From the HBD Archive
From: rhager@sdsu.edu (Richard Hager)
Subject: its the water
Date: 1989-10-26 00:10:27 GMT

I believe the article in the San Diego edition of the L.A. Times quoting
the brewmaster at the Old Columbia has been misinterpreted by Dave Smith.
The brewmaster said that water with mineral content makes the best beer (I
don't recall the exact wording). I believe he was refering to hard vs soft.
He was also quoted as saying that they must process the water. Again I don't
recall whether he actually used the word filter or not so I'm simply
indicating that he said process. The article seemed to be very superficial
no doubt written by a reporter with marginal knowledge on beer. It strikes me
that the content of the brewmaster's quote might have been "processed" by the
reporter.

I have never been very successful brewing with San Diego water. It is very
difficult controlling the ph during the mash. The single biggest improvement
in my beer came when I started hauling water to town from my house in the
mountains a couple of years ago. Problems are compounded because the quality
and mineral content of the San Diego water are not even constant through the
year. It can get marginally good when the amount coming from the Colorado
river is sufficiently low. Unlike Los Angeles which gets much of its water
from the Owens valley east of the Sierra we rely on everybody else's rejects.
There are places where it is worse e.g. Santa Barbara.

As long as I'm writing this I guess I'll get my two cents in about the
Old Columbia. It is the only brewpub here in San Diego and has been open
since last February. It has a resonable atmosphere but unfortunately caters
to a yuppie clientele. There are numerous pre-pro photo blowups on the wall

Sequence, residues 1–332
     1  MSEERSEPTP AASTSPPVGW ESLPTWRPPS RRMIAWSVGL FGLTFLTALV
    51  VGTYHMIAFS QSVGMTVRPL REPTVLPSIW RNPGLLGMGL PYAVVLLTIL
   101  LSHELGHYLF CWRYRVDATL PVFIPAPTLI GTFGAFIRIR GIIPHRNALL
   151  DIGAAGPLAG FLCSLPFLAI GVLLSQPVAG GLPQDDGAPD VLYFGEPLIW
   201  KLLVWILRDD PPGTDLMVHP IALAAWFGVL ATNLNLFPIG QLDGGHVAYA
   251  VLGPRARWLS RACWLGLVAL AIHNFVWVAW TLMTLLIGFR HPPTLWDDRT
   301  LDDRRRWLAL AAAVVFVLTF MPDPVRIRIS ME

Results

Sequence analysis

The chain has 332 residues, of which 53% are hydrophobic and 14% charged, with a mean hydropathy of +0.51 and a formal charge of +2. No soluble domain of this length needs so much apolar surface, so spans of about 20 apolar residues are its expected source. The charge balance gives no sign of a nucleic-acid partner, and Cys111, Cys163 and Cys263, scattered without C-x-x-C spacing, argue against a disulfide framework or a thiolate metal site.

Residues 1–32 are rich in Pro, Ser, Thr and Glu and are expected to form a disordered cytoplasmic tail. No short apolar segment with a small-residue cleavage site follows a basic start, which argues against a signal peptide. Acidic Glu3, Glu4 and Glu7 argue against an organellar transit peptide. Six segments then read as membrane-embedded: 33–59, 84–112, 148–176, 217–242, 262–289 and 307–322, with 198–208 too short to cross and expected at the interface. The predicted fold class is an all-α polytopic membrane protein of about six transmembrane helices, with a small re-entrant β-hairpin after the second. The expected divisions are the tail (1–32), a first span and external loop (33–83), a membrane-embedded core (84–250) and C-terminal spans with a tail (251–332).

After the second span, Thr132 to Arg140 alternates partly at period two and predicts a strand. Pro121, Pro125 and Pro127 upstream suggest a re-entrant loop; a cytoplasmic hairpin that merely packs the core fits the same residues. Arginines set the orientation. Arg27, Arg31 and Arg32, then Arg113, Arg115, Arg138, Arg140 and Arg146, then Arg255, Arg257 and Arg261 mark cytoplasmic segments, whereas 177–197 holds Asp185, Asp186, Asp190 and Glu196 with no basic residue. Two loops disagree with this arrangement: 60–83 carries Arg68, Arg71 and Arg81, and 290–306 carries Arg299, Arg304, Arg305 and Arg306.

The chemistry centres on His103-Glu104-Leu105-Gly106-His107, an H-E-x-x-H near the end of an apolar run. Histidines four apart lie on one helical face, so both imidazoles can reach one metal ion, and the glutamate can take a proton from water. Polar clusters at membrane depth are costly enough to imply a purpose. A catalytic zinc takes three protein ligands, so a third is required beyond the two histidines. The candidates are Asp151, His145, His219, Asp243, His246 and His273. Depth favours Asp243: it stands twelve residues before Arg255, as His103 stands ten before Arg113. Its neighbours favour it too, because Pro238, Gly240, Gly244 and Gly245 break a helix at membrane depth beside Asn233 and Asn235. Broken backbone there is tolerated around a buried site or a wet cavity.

of old San Diego scenes including the crew at the old San Diego Brewery which
went under when prohibition came and a marvelous shot of the old City Brewery
building from the 1880's which was located at 5th and B. Unfortunately, the
beer quality has been compromised. There are too many waitresses and too
little malt and hops. The beer was excellant for a few weeks shortly after
opening but has never been better than C+/B- after that. It seems to me that
much of Southern California's craft beer tends to a sort of bland middle of
the road and much of it is priced too high. Hopefully when San Diego's
second brewpub is opened (within a few months) we can boast of a truly first
rate brewpub. It is the Old Mission which is to be housed in the same
building as the original Old Mission Brewery which was in existense from
1912-1916. The building is being restored to its original form. This
required approval from the San Diego voters last November as the original
cupola had been removed and a coastal height limitation prevented it from
being added back.

Richard Hager
Dept of Mathematical Sciences
San Diego State University


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